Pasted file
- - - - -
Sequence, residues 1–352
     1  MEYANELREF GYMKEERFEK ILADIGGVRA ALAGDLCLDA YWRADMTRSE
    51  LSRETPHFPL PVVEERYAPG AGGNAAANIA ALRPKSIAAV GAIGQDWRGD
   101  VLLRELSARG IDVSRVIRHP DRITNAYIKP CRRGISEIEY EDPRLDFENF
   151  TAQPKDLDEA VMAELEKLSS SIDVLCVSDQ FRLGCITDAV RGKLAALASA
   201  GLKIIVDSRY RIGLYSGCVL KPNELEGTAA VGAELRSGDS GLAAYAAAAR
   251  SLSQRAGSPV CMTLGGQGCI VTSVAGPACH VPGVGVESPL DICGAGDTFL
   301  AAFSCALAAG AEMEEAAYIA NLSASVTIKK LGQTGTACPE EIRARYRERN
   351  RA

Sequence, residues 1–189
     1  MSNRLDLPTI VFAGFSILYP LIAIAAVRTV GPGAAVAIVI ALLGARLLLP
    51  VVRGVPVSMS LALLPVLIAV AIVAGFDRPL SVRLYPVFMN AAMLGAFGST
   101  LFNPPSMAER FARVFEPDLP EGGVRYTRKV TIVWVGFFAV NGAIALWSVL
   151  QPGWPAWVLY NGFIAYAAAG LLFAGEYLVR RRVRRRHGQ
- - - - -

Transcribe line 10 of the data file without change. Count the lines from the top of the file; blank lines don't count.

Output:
Sequence, residues 1–189